Kellogg has announced that it plans to split into three independent companies, in the latest US corporate overhaul aimed at simplifying its structure and sharpening its focus on the snack business.
The breakup of the Pringles and Pop-Tarts maker would result in the creation of a global snacking business that would also house its international cereal and noodles brands and its North America frozen breakfast division.
The business brought in net sales of $11.4 billion in 2021, accounting for 80% of its total revenue.
Chief executive Steve Cahillane told Reuters the decision to split the business was made to make them very focused, strategic categories.
"(Cereals) will not have to compete for resources against a high-growth snacking business. Frosted Flakes does not have to compete with Pringles for resources," Cahillane said on a call with analysts.
Kellogg said it would spin off into separate companies its North America cereal unit and the plant-based business, for which it is also exploring options, including a sale.
Global Snacking Portfolio
The company has in recent years focused on its global snacking portfolio, as sales of US cereals have declined with more Americans taking to snacking and relying on fast-food chains for breakfast.
Most packaged-food companies, even those without a huge presence previously in the segment such as Hershey Co and Mondelez International Inc, are doubling down on the business through billion-dollar acquisitions.
After the split, the snacking division will have brands such as Pop-Tarts, Kellogg's Rice Krispies Treats and frozen breakfast products such as Eggo waffles. It will be the biggest of the three and would be led by current top boss Cahillane.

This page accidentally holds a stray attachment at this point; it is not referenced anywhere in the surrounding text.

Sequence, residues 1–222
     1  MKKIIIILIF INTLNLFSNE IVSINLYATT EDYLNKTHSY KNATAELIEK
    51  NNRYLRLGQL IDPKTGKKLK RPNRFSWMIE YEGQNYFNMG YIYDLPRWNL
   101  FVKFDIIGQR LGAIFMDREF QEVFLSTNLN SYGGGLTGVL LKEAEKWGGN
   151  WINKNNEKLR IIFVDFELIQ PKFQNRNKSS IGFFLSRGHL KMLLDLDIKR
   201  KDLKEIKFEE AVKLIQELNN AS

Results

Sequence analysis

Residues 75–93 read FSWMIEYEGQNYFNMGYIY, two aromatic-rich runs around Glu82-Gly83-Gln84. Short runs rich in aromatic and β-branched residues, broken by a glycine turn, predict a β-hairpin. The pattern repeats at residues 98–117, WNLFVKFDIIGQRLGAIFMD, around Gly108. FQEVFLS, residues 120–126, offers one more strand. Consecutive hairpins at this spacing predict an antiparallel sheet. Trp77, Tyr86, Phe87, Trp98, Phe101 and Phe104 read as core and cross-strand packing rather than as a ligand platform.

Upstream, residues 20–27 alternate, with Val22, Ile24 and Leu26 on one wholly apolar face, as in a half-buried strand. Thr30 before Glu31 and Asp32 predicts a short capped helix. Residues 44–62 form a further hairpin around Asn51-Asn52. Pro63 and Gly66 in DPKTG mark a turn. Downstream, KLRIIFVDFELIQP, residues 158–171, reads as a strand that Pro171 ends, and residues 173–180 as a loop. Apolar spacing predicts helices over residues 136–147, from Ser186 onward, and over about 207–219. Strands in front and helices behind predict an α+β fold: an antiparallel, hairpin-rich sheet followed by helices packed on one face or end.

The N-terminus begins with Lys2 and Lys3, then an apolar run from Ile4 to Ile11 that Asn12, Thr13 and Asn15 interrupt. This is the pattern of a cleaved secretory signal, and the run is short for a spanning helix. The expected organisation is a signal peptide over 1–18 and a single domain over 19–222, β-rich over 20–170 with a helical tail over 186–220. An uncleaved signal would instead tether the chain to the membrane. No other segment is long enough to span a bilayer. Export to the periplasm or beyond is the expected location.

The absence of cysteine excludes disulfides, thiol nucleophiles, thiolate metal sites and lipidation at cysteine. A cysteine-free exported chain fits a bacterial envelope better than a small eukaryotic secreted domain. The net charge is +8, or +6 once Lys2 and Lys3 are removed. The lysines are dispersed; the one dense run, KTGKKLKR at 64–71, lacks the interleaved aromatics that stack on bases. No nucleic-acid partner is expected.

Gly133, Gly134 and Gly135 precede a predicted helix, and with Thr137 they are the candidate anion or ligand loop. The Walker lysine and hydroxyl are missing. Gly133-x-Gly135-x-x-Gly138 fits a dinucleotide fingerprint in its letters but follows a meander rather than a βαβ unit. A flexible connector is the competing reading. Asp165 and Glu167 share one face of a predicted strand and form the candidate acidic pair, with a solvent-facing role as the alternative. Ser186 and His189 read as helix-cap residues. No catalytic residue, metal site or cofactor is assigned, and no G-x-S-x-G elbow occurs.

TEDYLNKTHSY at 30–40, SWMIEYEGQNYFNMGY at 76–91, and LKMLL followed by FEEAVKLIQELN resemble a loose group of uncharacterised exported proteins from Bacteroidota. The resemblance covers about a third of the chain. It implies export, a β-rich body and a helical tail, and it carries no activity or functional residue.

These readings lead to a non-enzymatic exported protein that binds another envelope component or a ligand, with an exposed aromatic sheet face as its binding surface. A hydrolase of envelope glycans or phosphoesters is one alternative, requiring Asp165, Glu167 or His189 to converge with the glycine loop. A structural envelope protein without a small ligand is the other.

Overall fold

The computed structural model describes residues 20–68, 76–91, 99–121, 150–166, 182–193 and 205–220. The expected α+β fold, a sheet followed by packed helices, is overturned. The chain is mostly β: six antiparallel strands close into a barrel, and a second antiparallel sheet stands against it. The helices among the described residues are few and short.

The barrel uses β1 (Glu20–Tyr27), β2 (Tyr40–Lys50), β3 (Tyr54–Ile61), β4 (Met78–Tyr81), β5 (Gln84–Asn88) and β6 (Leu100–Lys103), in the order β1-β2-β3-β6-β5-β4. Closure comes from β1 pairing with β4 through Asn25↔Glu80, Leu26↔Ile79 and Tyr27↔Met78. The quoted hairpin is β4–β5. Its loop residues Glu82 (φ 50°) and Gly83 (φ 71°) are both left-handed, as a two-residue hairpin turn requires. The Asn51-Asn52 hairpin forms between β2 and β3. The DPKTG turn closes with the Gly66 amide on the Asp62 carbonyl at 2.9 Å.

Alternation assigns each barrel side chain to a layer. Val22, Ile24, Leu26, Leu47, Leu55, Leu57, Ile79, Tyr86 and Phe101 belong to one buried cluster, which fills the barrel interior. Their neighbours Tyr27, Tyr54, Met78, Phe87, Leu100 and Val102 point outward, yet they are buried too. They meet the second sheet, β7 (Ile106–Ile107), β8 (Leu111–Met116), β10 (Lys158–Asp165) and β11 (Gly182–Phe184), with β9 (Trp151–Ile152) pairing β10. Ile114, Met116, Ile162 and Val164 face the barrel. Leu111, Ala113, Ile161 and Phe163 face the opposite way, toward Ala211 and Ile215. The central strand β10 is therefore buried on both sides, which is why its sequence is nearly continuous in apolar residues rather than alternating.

The cereal business would include Kellogg's, Frosted Flakes and Froot Loops, while the plant-based focused firm would be anchored by its MorningStar Farms brand.
Sum Of Parts
The decision by Kellogg to split follows similar announcements by global conglomerates, such as Johnson & Johnson and General Electric Co, in the past year and underscores how big companies need to be nimble in their fight for market share.
Companies often split in an attempt to shed a so-called conglomerate discount, where the valuation is lower than the 'sum of the parts' if the component businesses are run separately.
"It is splitting now to take advantage of growth opportunities as economies slow and new growth is hard to find in all aspects of the business," said Randy Allen, senior lecturer at Cornell College of Business.
"Their snack business is more globally focused and has more growth potential."
The company said its North American cereal business and the plant-based focused company will remain headquartered in Battle Creek, Michigan. While the snacking-focused company will maintain dual campuses in Battle Creek and Chicago, Illinois.